Gone Girl is directed by David Fincher and written by Gillian Flynn, based on Flynn's 2012 novel of the same name. The film stars Ben Affleck, Rosamund Pike, Neil Patrick Harris, Tyler Perry, and Carrie Coon.
If I were to say to you David Fincher's Gone Girl is a horror movie, how would you respond? I would think, if you've seen the movie, the temptation is to disagree, because hardly anything in the movie resembles that of conventional horror movie ingredients: no jump scares or frightening monsters or anything else of the sort. The reason I claim Gone Girl is a horror movie is because of what the film is able to achieve in terms of what all horror movies strive for: to evoke a negative reaction from the viewer and prey on their worst fears. The specific fears that Gone Girl preys on are those of married couples, but I would also throw in the fears of dating couples, because there's some overlap between the two. That being said, Gone Girl easily earns the title of Worst Movie Night Choice for new couples. I would even recommend to not watch it at all with your significant other.
David Fincher is no stranger to psychological thrillers and mysteries, but none of his previous directorial works have taken this deep of a look into the relationship between two people, particularly two people who are a married couple. This is not at all like what you would see in The Curious Case of Benjamin Button, as Gone Girl shows us how its two main characters' marriage starts falling apart at the seams, as opposed to how the relationship between Brad Pitt and Cate Blanchett's characters in Benjamin Button is forced to come apart due to Benjamin Button's reverse aging. The marriage that is vital to Gone Girl's story is a realistic one whose thrills and horrors come from how much the marriage loves to play with your mind, how difficult it is to play the blame game and decide who is more at fault: the husband or the wife. By the end of the movie, there's a clear answer as to which one is the true antagonist, and the thrill rush of Gone Girl is everything that brings us to that conclusion. And once you see how the movie ends and what it means for the husband and the wife, that's when the true horror begins to set in, and your outlook on the entire movie changes for good.
The husband and wife are Nick (Ben Affleck) and Amy (Rosamund Pike) Dunne. The two live in Missouri and have their five year anniversary coming up. The day of their anniversary, Nick returns home from work and finds Amy missing. His only clue of her disappearance is a flipped table with a shattered glass top, but a police walkthrough of the house also reveal blood stains, suggesting there was a struggle and that Amy might have been murdered. It is shown that Amy was the inspiration behind her parents' series of popular Amazing Amy children's books, leading to her disappearance gaining intense media coverage. The evidence found by the police makes them suspicious of Nick, and Nick's awkward behavior leads the media and others around him to believe that he is a sociopath who murdered Amy.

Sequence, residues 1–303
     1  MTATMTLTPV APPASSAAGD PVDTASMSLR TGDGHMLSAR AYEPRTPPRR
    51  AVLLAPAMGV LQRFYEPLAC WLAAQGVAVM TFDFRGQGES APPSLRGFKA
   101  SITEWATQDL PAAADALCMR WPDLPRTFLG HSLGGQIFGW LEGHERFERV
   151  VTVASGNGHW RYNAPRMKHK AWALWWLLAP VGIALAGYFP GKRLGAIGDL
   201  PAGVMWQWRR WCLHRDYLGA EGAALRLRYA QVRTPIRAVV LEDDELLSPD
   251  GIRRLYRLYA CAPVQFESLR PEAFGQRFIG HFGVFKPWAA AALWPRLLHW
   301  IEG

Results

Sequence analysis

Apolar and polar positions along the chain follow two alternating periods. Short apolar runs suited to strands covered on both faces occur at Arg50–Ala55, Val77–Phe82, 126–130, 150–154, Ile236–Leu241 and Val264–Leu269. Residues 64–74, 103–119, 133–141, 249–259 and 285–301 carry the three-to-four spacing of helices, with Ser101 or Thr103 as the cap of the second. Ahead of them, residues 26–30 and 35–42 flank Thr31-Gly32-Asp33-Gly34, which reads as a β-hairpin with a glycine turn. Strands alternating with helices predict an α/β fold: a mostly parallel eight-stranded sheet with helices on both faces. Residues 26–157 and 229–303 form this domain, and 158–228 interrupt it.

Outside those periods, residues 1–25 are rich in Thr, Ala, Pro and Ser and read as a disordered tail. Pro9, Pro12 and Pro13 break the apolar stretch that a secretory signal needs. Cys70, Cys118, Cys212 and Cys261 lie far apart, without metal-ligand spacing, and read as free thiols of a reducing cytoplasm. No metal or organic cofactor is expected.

Flashbacks show us how Nick and Amy met, got married, and then how their marriage fell apart; both lost their jobs during the economic recession and moved from New York down to Missouri so that Nick could take care of his sick mother. Nick grew lazy and started cheating on Amy, and Amy chronicled the events by writing entries in a dairy. The present police investigation uncovers proof of financial troubles and domestic disputes, including a medical report indicating that Amy was pregnant. Nick denies knowledge of Amy's pregnancy, leading to greater and greater suspicion that Nick indeed killed his wife.
Gone Girl's story is very spoiler-sensitive, so I have to be extra careful from here on out about what exactly I write. Right from the get-go, David Fincher puts us into an uncomfortable frame of mind, as we hear Nick talk about cracking his wife's "lovely skull, unspooling her brains, trying to get answers", answers about how Amy is feeling and what she is thinking. Nick then asks, "What have we done to each other?" and this immediately deposits into us a feeling of distrust, that this relationship isn't what we think it may be. As this scene goes on, we get our first exposure to the soothing, yet unnerving score by Trent Reznor and Atticus Ross, which continues while the opening credits roll over various shots of the Missouri town where the majority of the film takes place. Fincher relies on a cool color palette and shadowy interiors to keep up the feeling of discomfort we get from the opening, never letting up over the course of the film's 149 minutes. Even when, in the final 15-20 minutes when it seems like everything plot-wise is wrapped up and the film is coming to a close, there's still discomfort, and then comes the ending that will leave the ill-prepared viewer a little messed up afterwards.